When the frightful idea of adultery and of all the ignominy which (shesupposed) that crime brings in its train gave her at length a respite35, andshe began to dream of the delight of living with Julien innocently, as inthe past, she found herself swept away by the horrible thought that Julien was in love with another woman. She saw once again his pallor whenhe was afraid of losing her portrait, or of compromising her by letting itbe seen. For the first time, she had surprised signs of fear on that calmand noble countenance36. Never had he shown himself in such a state forher or for her children. This additional grief carried her to the utmost intensity of anguish37 which the human soul is able to endure. Unconsciously, Madame de Renal uttered cries which roused her maid. Suddenly she saw appear by her bedside the light of a lamp, and recognisedElisa.

  'Is it you that he loves?' she cried in her frenzy38.

  The maid, amazed at the fearful distress39 in which she found her mistress, paid no attention fortunately to this singular utterance40. Madame de Renal realised her own imprudence: 'I am feverish,' she told her, 'and Ithink, a little light-headed; stay beside me.'

  Thoroughly awakened41 by the necessity of controlling herself, she feltless wretched; reason resumed the sway of which her state of drowsinesshad deprived it. To escape from the fixed42 stare of her maid, she orderedher to read the newspaper aloud, and it was to the monotonous43 sound ofthe girl's voice, reading a long article from the Quotidienne, that Madamede Renal formed the virtuous resolution to treat Julien with absolutecoldness when next she saw him.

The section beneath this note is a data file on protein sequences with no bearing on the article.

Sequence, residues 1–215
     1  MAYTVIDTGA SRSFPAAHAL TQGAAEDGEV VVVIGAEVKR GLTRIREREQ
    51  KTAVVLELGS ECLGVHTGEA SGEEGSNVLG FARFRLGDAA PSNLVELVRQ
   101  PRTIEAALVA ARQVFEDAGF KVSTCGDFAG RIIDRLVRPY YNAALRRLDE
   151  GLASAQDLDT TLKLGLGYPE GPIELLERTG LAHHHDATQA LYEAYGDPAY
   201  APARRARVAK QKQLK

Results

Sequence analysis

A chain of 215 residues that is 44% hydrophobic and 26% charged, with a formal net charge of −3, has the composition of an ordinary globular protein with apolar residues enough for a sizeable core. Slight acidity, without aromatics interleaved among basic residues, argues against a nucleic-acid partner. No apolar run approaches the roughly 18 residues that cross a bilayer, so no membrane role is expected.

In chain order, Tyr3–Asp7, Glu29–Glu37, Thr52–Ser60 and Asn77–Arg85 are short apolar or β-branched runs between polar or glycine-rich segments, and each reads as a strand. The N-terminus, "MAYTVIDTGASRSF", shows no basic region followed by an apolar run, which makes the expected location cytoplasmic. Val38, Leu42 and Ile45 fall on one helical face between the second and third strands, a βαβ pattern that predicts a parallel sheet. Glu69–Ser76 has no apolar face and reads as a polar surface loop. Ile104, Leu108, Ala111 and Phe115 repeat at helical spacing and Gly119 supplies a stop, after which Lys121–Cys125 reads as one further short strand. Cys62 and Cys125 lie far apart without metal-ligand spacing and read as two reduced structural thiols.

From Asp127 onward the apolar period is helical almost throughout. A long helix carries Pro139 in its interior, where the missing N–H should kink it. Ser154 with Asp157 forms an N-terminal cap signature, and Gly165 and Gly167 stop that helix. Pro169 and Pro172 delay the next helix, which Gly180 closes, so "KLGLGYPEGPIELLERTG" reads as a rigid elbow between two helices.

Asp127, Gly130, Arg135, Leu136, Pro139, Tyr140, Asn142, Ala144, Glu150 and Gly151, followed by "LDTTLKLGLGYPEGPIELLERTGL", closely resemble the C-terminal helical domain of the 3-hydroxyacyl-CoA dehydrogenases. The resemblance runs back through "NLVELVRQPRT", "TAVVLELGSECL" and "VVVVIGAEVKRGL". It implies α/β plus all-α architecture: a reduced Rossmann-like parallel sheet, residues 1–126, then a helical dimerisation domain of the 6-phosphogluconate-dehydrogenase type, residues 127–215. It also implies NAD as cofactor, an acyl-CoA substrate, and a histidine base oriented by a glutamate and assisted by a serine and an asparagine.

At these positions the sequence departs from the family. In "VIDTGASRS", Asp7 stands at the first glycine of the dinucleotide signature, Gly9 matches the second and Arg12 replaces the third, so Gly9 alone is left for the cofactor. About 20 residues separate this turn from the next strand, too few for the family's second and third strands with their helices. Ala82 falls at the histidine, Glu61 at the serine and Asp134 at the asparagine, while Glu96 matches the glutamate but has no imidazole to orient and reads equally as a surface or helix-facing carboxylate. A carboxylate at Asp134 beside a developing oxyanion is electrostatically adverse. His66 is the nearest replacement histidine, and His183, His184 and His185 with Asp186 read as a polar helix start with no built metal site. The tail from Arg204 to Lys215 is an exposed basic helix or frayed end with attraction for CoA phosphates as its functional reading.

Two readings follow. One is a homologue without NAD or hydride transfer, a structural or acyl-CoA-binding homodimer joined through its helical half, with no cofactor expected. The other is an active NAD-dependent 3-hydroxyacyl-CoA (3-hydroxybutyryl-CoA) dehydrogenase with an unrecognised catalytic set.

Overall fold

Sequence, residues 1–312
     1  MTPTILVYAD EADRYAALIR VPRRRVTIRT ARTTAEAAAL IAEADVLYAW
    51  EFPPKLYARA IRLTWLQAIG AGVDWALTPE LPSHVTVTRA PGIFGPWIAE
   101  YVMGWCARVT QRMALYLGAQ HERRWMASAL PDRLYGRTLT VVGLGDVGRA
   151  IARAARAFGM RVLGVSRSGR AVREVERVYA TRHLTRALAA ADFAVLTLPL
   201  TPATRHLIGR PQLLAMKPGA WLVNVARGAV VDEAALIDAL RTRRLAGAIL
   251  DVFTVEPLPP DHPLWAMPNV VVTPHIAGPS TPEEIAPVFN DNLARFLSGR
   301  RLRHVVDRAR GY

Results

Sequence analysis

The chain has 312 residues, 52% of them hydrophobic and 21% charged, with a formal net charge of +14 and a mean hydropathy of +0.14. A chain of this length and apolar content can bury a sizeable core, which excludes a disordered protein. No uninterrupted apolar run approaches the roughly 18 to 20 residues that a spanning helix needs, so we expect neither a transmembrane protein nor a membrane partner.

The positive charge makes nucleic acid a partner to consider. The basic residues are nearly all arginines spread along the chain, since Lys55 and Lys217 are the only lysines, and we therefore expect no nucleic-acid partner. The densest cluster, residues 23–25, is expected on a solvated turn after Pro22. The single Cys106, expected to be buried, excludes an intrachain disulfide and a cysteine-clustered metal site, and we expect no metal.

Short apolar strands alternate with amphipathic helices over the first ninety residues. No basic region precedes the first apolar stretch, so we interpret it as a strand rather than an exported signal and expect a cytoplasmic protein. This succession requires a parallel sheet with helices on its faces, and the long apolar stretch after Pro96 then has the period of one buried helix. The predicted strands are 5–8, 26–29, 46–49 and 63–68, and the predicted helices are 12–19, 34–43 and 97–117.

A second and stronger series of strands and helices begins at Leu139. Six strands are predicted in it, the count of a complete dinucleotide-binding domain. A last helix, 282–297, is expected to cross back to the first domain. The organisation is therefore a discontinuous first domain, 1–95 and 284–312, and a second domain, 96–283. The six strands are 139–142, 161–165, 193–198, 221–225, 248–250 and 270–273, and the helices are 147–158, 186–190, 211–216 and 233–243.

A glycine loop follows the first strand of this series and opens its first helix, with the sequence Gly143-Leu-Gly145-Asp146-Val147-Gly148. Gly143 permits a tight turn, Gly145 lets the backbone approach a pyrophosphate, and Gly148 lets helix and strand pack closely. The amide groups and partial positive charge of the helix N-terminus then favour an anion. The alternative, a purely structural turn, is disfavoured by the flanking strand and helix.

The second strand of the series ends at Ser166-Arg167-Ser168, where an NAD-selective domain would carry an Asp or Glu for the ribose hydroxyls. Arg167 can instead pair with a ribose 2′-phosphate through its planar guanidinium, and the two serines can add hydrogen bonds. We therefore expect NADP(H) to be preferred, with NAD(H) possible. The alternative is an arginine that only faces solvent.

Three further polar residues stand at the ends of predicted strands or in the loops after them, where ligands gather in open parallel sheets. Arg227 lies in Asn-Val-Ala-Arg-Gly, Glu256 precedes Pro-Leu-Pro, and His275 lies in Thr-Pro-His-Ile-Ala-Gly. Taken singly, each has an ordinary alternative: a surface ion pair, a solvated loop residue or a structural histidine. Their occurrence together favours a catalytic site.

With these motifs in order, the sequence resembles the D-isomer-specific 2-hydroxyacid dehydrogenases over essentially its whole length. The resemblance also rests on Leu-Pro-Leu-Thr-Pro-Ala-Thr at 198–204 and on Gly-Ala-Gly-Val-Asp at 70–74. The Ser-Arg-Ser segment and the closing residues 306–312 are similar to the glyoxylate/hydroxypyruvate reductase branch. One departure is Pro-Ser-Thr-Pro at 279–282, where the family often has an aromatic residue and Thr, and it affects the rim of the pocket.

1 bland dW1zi     
  • He eats bland food because of his stomach trouble.他因胃病而吃清淡的食物。
  • This soup is too bland for me.这汤我喝起来偏淡。
2 assailed cca18e858868e1e5479e8746bfb818d6     
v.攻击( assail的过去式和过去分词 );困扰;质问;毅然应对
  • He was assailed with fierce blows to the head. 他的头遭到猛烈殴打。
  • He has been assailed by bad breaks all these years. 这些年来他接二连三地倒霉。 来自《用法词典》
3 precisely zlWzUb     
  • It's precisely that sort of slick sales-talk that I mistrust.我不相信的正是那种油腔滑调的推销宣传。
  • The man adjusted very precisely.那个人调得很准。
4 unintelligible sfuz2V     
  • If a computer is given unintelligible data, it returns unintelligible results.如果计算机得到的是难以理解的数据,它给出的也将是难以理解的结果。
  • The terms were unintelligible to ordinary folk.这些术语一般人是不懂的。
5 impatience OaOxC     
  • He expressed impatience at the slow rate of progress.进展缓慢,他显得不耐烦。
  • He gave a stamp of impatience.他不耐烦地跺脚。
6 hesitation tdsz5     
  • After a long hesitation, he told the truth at last.踌躇了半天,他终于直说了。
  • There was a certain hesitation in her manner.她的态度有些犹豫不决。
7 withdrawn eeczDJ     
  • Our force has been withdrawn from the danger area.我们的军队已从危险地区撤出。
  • All foreign troops should be withdrawn to their own countries.一切外国军队都应撤回本国去。
8 betokened 375655c690bd96db4a8d7f827433e1e3     
v.预示,表示( betoken的过去式和过去分词 )
  • Nothing betokened that the man know anything of what had occurred. 显然那个人还不知道已经发生了什么事。 来自互联网